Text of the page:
Richard Braithwaite

@1728-1805. He was born to an influential Westmoreland family.

He first served in 1743 when he went out to Jamaica under the patronage of his kinsman, Vice-Admiral Sir Chaloner Ogle, the commander-in-chief. He was commissioned lieutenant on 7 May 1755, having been recommended for promotion by Vice-Admiral Sir Edward Hawke, and was advanced to the rank of commander on 29 November 1756. From January 1760 to April 1761 he commanded the Saltash 10.

The Battle of St. Lucia

He was posted captain on 6 April 1761, recommissioning the frigate Shannon 28 for the Mediterranean and returning from Gibraltar with a number of barbarous pirates as prisoners. He continued in the Channel until 1763, and after a period of unemployment recommissioned the Gibraltar 24 in February 1766, sailing for the Newfoundland station in June, and after returning home commissioning the Liverpool 28 in March 1767 and going out to the same station in May. He later commanded the Liverpool in the Mediterranean from April 1768 before paying her off in 1772.

In July 1775 he commissioned the new Centurion 50, going out to North America in October, and on 8 December 1776 he served at the occupation of Rhode Island. After a short period at Halifax he joined Vice-Admiral Lord Howe’s fleet at New York, patrolling off Staten Island in July 1777 and after joining the squadron at Halifax reuniting with Howe to participate in the manoeuvres with the French fleet off Rhode Island in August 1778. On 4 November he left New York for Barbados with Commodore William Hotham’s squadron in order to reinforce the Leeward Islands, seeing action at the Battle of St. Lucia on 15 December. During the Battle of Martinique on 17 April 1780 the Centurion was delegated to support the rear squadron as necessary, and he remained with the fleet for the duration of the Leeward Islands campaign from May-July. He returned to England with a convoy in the middle of 1780, whereupon the Centurion was docked for repairs and paid off in September.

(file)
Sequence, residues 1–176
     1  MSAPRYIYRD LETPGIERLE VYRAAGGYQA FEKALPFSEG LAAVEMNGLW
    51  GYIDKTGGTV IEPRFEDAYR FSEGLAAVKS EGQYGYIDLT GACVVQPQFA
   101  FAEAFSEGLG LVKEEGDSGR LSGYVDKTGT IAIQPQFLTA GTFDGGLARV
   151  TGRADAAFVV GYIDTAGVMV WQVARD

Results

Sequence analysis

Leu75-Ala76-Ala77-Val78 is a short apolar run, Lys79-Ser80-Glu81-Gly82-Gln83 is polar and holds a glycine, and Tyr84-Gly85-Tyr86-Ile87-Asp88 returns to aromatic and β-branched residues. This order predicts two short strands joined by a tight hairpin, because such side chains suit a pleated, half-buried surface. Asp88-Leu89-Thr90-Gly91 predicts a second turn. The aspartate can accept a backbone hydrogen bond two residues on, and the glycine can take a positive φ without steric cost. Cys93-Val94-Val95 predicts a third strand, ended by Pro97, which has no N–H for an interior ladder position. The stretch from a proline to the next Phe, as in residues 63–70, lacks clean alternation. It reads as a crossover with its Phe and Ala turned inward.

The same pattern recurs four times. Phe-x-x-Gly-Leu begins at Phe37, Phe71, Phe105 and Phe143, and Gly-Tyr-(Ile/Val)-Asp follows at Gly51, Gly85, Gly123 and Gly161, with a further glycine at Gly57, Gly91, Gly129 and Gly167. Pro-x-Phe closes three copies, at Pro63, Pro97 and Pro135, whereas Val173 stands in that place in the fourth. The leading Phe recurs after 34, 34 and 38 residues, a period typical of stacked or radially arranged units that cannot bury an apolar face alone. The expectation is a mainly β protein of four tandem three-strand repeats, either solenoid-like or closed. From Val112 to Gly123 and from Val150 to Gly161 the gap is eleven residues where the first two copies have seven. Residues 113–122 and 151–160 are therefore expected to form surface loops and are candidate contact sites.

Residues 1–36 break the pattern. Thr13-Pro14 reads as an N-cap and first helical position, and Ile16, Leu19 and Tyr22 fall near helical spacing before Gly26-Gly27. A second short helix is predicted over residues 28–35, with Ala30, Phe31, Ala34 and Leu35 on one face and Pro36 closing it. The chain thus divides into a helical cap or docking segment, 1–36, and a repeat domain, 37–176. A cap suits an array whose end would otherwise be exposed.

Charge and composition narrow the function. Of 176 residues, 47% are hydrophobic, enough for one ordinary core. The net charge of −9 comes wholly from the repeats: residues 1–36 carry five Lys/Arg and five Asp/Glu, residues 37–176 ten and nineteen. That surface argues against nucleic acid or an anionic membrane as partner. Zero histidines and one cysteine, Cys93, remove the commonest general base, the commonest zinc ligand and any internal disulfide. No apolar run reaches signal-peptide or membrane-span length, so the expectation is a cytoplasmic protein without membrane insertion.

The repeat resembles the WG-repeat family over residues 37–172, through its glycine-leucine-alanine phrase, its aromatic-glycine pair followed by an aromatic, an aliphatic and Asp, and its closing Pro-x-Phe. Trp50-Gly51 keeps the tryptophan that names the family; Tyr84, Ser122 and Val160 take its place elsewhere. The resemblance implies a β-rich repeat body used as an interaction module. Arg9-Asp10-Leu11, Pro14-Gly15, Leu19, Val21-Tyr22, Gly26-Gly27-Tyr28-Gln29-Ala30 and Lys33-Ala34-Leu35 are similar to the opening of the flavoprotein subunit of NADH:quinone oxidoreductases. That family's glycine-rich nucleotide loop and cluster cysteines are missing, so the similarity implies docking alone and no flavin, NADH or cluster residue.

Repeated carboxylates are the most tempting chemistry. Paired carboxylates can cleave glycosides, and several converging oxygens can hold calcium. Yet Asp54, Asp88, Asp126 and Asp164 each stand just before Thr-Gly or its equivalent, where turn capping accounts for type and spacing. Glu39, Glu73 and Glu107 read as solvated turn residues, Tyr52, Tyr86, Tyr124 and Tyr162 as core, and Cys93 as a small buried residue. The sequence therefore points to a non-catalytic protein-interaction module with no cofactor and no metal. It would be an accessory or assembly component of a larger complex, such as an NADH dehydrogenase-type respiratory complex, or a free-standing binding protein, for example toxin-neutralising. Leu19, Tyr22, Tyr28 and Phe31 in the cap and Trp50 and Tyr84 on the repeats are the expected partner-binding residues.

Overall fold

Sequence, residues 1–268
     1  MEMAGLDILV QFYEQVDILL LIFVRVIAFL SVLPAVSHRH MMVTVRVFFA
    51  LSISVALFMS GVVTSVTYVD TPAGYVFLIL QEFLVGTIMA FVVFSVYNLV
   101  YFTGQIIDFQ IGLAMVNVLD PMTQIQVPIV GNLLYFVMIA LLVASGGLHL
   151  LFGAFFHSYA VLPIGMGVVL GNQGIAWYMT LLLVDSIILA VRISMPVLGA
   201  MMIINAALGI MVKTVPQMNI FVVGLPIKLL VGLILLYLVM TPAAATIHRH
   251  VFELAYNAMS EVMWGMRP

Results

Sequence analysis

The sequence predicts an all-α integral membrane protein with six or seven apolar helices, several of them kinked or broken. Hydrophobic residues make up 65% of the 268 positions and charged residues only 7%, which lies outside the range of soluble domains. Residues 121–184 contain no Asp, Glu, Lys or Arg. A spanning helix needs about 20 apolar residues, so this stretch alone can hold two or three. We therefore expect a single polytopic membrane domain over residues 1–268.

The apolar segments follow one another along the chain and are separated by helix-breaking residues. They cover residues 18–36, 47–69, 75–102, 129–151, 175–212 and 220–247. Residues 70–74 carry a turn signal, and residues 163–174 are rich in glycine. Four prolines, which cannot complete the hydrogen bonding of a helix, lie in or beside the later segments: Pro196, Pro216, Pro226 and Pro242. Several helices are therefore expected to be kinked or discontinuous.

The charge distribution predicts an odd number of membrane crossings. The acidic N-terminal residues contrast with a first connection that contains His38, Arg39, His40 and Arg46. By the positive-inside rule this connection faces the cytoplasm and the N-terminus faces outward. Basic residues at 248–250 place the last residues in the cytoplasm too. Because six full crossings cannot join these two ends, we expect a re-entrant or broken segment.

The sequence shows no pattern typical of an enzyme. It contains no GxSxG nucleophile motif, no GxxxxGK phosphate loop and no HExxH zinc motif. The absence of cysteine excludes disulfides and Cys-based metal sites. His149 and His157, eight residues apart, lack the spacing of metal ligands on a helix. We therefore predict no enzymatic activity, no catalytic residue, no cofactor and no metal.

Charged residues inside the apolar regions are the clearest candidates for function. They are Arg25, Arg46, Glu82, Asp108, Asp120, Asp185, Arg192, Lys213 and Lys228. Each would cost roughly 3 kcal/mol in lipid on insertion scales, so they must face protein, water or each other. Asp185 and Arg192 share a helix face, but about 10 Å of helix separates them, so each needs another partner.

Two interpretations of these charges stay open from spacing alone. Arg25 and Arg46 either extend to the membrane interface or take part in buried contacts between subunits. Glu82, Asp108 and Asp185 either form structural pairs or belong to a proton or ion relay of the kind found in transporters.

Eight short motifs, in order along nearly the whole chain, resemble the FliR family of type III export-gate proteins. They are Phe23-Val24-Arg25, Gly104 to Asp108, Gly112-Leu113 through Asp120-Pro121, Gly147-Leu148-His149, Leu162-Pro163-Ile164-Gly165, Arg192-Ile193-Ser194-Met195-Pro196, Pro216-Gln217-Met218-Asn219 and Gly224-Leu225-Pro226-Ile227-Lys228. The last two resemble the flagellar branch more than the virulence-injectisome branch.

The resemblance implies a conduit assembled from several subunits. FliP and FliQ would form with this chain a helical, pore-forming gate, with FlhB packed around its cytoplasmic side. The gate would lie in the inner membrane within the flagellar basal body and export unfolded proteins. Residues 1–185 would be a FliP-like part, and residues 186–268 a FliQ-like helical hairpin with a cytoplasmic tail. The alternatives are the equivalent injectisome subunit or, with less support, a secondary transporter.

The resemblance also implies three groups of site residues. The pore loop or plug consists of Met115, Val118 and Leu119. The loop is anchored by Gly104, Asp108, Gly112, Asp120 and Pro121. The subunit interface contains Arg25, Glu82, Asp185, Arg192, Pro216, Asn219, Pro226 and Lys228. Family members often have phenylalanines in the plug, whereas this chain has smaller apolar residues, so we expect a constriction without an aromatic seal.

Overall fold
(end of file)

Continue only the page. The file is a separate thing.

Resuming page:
Removing to the Bienfaisant 64 in January 1781 in place of her distinguished commander, Captain John MacBride, he commanded her at the relief of Gibraltar on 12 April 1781, and at the Battle of the Doggersbank on 5 August 1781 where she suffered casualties of six men killed and twenty-one wounded. He left the vessel at the end of the year and did not see any further employment.

Braithwaite was advanced to flag rank on 21 September 1790, vice-admiral on 1 February 1793, and admiral on 14 February 1799. He died at Greenwich on 28 June 1805.

He was married to Ulrica Eleanora. His daughter Elizabeth married Admiral Alexander Christie, and he had at least two other daughters who were unmarried in 1790, Georgina and Jane Maria. He was the significantly older cousin of Vice-Admiral Lord Cuthbert Collingwood, who served with him for eleven years from 1761. His residence was at Warcop, Kent. On the death of Admiral Thomas Lloyd in 1801 Braithwaite and his family inherited a large portion of his estate in Cilgwyn, Cardiganshire.